# AP Chemistry Lab Report help

Discussion in 'Community Discussion' started by fireshot91, Nov 27, 2010.

1. ### fireshot91 macrumors 601

Joined:
Jul 31, 2008
Location:
Northern VA
#1
So, I could really use some help in here. It's for my lab report, and I am utterly clueless.

We had 3 reactions:
NaOH + HCl -> H2O
NaOH + NH4Cl -> NH3 + H2O
HCl + NH3 -> NH4Cl

We calculated maximum and minimum temperatures for each of the reactions in a calirometer.
Reaction 1) Max = 34.24, Initial = 22.41
Reaction 2) Max = 22.17 ,Initial = 21.89
Reaction 3) Max= 34.32, Initial = 22.57

Questions:

Question 1:Calculate the amount of heat energy, q, produced in each reaction. Use 1.03g/mL for each density, use 4.18 J/(g*C) for specific heat of all solutions.

Reaction 1) 1.03g/mL * 50mL = 51.5 g (11.83)(4.18) = 2550 J
Reaction 2) 51.5g (-0.28)(4.18) = -60 J
Reaction 3) 51.5g(11.75)(4.18) = 2530 J

*Correct? Thoughts?*

Question 2: Calculate the enthalpy change, ∆H, for each reaction in temrs of kJ/mol of each reactant
Reaction 1) 2.55 kJ/.10 mol = 25.5 kJ/mol
Reaction 2)-.060 kJ/.10 mol = .6 kJ/ mol
Reaction 3) 2.53 kJ/.10 mol = 25.3 kJ/mol

*Is that right?*

Question 3: Use your answers from 2 above and Hess's law to determine the experimental molar enthalpy for Reaction 3.
*No clue*

Question 4: Use Hess's Law, and the accepted values of ∆H in the Pre-Lab exercise to calculate the ∆H for Reaction 3. How does the accepted value compare to your experimental value?
* NO clue*

2. ### Designer Dale macrumors 68040

Joined:
Mar 25, 2009
Location:
Folding space
#2
You are in an Advanced Placement Chemistry class. Trust your instincts and see if they are right.

Good luck

Dale

3. ### sysiphus macrumors 6502a

Joined:
May 7, 2006
#3
I won't spell out step-by-step how to do your homework for you, but I will point you in the right direction.

You're on the right track with the first part; I'm not going to do the math but it should be fairly obvious if your answers look plausible.

As for dH: all Hess' Law is: algebra. Given known enthalpy changes for given reactions, you can sum the dH for multiple steps of your net reaction to get your net dH. Be sure to flip the sign if the process is going in the opposite direction as your known reaction(eg, 1+2 --> 3 vs 3 --> 1+2 ); when changing the coefficients in your known reactions, be sure to multiply the dH by the same value you're multiplying the coefficiants. It should all cancel pretty easily/neatly; it's just a simple system of linear equations.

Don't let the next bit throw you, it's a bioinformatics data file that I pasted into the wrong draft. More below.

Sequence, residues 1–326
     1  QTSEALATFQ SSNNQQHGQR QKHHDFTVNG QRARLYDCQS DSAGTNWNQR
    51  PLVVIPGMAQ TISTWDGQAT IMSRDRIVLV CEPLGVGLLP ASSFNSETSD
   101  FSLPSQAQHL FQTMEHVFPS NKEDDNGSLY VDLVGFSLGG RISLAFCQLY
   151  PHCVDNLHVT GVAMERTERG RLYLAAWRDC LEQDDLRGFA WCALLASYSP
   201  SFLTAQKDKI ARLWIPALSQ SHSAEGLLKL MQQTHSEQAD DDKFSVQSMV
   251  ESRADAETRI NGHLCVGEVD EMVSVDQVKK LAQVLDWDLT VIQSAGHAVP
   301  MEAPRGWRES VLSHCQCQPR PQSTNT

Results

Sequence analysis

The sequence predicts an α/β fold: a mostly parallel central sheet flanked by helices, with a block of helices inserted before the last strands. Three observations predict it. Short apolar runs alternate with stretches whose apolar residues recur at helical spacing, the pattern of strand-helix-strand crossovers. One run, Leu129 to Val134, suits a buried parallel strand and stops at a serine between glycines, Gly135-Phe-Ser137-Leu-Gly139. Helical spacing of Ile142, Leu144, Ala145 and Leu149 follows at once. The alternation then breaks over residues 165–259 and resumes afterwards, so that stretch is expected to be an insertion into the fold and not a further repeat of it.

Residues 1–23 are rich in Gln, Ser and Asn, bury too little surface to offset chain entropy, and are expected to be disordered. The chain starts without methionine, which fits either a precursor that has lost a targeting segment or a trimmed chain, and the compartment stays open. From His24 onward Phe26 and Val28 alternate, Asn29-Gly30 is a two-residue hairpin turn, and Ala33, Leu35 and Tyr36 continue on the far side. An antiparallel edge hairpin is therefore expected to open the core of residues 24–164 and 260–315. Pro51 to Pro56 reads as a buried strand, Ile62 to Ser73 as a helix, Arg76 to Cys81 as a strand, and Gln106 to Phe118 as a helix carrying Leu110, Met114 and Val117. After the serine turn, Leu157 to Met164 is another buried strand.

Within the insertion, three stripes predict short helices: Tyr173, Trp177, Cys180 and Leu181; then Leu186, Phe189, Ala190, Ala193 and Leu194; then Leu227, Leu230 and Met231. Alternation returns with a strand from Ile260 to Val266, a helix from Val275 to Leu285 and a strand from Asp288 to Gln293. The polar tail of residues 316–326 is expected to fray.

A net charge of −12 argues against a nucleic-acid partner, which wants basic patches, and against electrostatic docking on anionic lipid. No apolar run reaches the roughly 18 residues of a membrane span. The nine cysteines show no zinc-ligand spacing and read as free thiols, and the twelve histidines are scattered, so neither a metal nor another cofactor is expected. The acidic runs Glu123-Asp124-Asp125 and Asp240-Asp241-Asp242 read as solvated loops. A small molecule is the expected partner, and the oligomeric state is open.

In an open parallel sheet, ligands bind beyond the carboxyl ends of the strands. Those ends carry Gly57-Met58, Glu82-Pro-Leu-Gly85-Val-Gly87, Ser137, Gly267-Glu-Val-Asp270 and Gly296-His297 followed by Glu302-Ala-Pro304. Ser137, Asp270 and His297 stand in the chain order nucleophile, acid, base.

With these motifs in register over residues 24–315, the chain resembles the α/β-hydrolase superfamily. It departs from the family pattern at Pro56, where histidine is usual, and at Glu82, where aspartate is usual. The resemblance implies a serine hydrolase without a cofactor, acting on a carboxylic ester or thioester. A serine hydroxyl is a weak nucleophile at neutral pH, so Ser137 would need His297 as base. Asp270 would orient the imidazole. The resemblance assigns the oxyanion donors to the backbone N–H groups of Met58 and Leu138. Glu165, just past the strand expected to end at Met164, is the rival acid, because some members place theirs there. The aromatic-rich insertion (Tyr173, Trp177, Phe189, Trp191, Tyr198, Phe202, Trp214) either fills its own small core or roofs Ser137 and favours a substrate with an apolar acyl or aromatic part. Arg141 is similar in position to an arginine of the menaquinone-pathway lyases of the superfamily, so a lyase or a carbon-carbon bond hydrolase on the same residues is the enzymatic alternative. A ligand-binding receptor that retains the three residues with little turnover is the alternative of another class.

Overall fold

This should get you on the right track; good luck.

4. ### chordate68 macrumors regular

Joined:
Oct 16, 2007
Location:
Los Angeles
#4
Q= mass(g)*specific heat(J/(g*C))*(Tfinal-Tinital)

That is the equation for the heat in the reaction. You used Tmax, I'm not quite sure what that is.

You have a negative value for the 2nd reaction. Which indicates that heat leaves the system, but your values don't support that.

Enthalpy change seems right as deltaH=Q

Here's a tutorial for Hess's Law that just happens to have one of your reactions.
http://www.ausetute.com.au/hesslaw.html

5. ### fireshot91 thread starter macrumors 601

Joined:
Jul 31, 2008
Location:
Northern VA
#5
Oh..I get number 3, I think.

You flip reaction 2, and you add it to Reaction 1 to get Reaction 3....

Sorry, I thought that you were supposed to add all three reactions (1,2,3) and then find the enthalpy change of a reaction that they give you. (Which equals to all three of the reactions being added somehow).

6. ### fireshot91 thread starter macrumors 601

Joined:
Jul 31, 2008
Location:
Northern VA
#6
We used a Vernier Temperature kit for our lab. Put Solution 1 into calirometer, put Temperature probe in, then added the other solution in. At the end, when the reaction was complete, we were told to go into the graph info in the program and record the Max and Min temperatures....so that's what I did .

7. ### Karl der Grosse macrumors newbie

Joined:
Dec 2, 2012
#7
I am also in this class, and one thing you need to realize for determining heat evolved in each reaction is that there is 100ml used, not 50ml (unless you combined 25ml solutions. But based on your kj/mol, you got x/.1 thus .050L2.0M=.1 mol
Your steps look correct nonetheless, but your numbers are off.